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Get Planning: How to Train for Your First Triathlon

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In the third part of a three-part series, we discuss how to frame a training plan for the rookie triathlete.

Read part one and part two.

Congratulations on your decision to do this triathlon thing. You have the gear, maybe some goals, and now it’s time to think about your training.

In simple terms, consistency is just as important in tri training as it is in running. Joining a club or finding a group is helpful. The basic structure: swim twice a week, bike twice a week, and run twice a week. If all else fails? Do what you can and don’t give up.

It may seem overwhelming, but the important part is to just get started with this simple framework in a way that works well with your existing schedule. As you get further in your triathlon journey, you can gradually increase the amount of time and distance you do in each session, but to start, figure out what works for you. If there’s a pool by your office, schedule a swim during lunch. Keep your expectations realistic—your primary goal in the beginning is just building consistency.

Are you a morning person? Do you have more time in the evenings? What about childcare? Is your spouse or significant other on board with your plans? If not, are you prepared to adjust? These are some questions to ask to help frame your schedule.

For a sprint triathlon, I recommend a minimum of 12 weeks of training, if you are a beginner.

If you are an advanced runner and cyclist, you can perhaps do a little less. If you are a great swimmer and runner, again, you might get by with fewer weeks of training. This is a general training framework for a woman who can run/walk a 5K, and who is fairly new (but capable) in the swim and bike.

Never fear, however! If you don’t have experience in the swim or the bike, then just increase the number of weeks you plan to train. This is all about making your training work for you. If you need 16 weeks, or six months—take it. You want to feel confident, comfortable, and competent on race day. Go at your pace, focus on consistency, and enjoy it.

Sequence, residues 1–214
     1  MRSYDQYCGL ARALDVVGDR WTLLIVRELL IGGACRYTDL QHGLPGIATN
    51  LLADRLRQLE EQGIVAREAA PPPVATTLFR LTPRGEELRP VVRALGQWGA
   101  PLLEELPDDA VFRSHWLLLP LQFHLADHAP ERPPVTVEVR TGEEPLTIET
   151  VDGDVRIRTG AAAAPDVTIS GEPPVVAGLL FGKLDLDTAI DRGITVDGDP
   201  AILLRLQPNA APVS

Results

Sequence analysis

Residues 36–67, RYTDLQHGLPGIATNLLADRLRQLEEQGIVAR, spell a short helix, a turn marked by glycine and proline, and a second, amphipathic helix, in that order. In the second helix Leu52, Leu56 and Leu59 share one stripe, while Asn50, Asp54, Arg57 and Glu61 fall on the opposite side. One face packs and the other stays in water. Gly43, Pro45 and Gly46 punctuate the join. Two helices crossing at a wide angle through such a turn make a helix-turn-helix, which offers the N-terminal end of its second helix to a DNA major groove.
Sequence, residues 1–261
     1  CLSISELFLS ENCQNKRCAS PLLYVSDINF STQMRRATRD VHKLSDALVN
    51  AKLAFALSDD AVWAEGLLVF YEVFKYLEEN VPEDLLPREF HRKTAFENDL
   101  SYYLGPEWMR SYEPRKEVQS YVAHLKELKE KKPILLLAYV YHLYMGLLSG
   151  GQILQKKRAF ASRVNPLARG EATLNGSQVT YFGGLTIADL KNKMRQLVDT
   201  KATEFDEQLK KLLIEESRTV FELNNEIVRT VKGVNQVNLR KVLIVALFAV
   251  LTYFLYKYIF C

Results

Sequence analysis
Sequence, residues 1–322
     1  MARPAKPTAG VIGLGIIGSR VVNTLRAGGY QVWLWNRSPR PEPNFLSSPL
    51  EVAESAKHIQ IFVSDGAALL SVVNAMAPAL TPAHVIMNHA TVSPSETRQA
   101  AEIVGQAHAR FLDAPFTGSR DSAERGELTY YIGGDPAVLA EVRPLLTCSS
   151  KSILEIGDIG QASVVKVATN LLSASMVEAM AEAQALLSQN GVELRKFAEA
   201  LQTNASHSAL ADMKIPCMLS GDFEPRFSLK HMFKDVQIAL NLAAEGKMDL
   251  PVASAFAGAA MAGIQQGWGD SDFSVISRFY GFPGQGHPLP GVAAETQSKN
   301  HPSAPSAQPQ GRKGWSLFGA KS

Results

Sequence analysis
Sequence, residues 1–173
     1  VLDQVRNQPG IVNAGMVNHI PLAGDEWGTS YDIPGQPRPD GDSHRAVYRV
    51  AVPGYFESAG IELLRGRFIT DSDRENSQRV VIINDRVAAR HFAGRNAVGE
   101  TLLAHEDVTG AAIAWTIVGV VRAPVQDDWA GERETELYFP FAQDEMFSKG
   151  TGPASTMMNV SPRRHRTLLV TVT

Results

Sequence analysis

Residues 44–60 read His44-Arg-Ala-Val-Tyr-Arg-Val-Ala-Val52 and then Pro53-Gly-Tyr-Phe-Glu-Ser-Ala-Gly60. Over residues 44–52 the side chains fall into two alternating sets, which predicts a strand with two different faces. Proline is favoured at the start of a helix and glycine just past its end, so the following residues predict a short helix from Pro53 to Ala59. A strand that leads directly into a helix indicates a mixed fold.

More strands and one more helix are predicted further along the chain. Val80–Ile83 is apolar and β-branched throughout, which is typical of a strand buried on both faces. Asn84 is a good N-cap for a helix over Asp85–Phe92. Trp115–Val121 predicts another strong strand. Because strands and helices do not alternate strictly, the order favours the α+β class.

A Basic Training Structure

Note that this is a general guide for getting to the start (and finish line) of your first triathlon. If you are currently a marathoner, keep your running routine intact, and just follow the swim and bike. IF you are new to all three disciplines, remember to go easy, be patient, make sure to take the rest weeks, and have a great time.

You will want to ease into it. In the first two weeks, for each discipline’s session, aim to swim 200-300 meters, bike for 30 minutes (or a minimum of five miles), and run (or walk) one mile.

After that, each week, add some more time and distance. Don’t forget to take rest days—more than one per week, if you feel you need it.

As you become more advanced, you can try a bonus workout called a “brick.” During this kind of workout, you complete your bike and run workouts back-to-back. As soon as you get off the bike, go immediately into your run. Keep the run short at first—just five or 10 minutes.

If your goal race is taking place in a lake or the ocean, it’s important to practice a few times in the same conditions. If you’re planning to use a wetsuit, make sure to practice in it, too. It’s best to do open-water swims with a friend, for safety reasons.

As you advance, you’ve built consistency, and you’re ready for more, build to 800 meters during your swim workouts; one hour (15 miles) during your bike sessions, plus one 20-mile (or 90-minute) ride, and up two five miles on your runs. Start practicing the transitions between each—if you’re wearing a wetsuit, practice taking it off, then putting on your shoes, helmet, and sunglasses. When you get off your bike, practice putting on your running shoes (if you’re using bike shoes), taking off the helmet, and grabbing your hat or visor.

Before race day, read the rules and other information for beginners provided by USA Triathlon.

A few days before the race, make sure you have everything you need—make a checklist of all the equipment and fuel you plan to use.

Then, on the morning of the race, stay positive. Nerves are normal, but don’t let doubt creep in. You’ve got this! Your speed isn’t important—just keep moving forward. Thank the volunteers and the people who made your journey possible. Smile for the cameras—no matter how funny they may be, they’ll be proof of your amazing accomplishment.

Meredith Atwood (@SwimBikeMom) is a four-time Ironman, recovering attorney, motivational speaker, coach, and author of  Triathlon for the Every Woman: You Can Be a Triathlete. Yes. You. She is the host of the podcast “The Same 24 Hours.” You can download a free triathlon race day checklist here. Her next book, The Year of No Nonsense, is available Fall 2019.